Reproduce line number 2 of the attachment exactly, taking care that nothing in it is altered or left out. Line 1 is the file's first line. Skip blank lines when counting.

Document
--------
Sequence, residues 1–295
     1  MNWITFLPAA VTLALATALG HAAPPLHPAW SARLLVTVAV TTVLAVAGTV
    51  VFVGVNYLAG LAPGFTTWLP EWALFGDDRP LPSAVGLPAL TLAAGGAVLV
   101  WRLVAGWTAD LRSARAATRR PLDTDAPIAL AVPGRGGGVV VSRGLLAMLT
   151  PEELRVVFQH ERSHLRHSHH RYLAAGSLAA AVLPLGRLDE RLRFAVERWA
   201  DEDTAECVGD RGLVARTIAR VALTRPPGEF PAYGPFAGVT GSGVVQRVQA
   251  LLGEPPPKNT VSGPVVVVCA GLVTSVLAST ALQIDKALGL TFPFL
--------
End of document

     1  MNWITFLPAA VTLALATALG HAAPPLHPAW SARLLVTVAV TTVLAVAGTV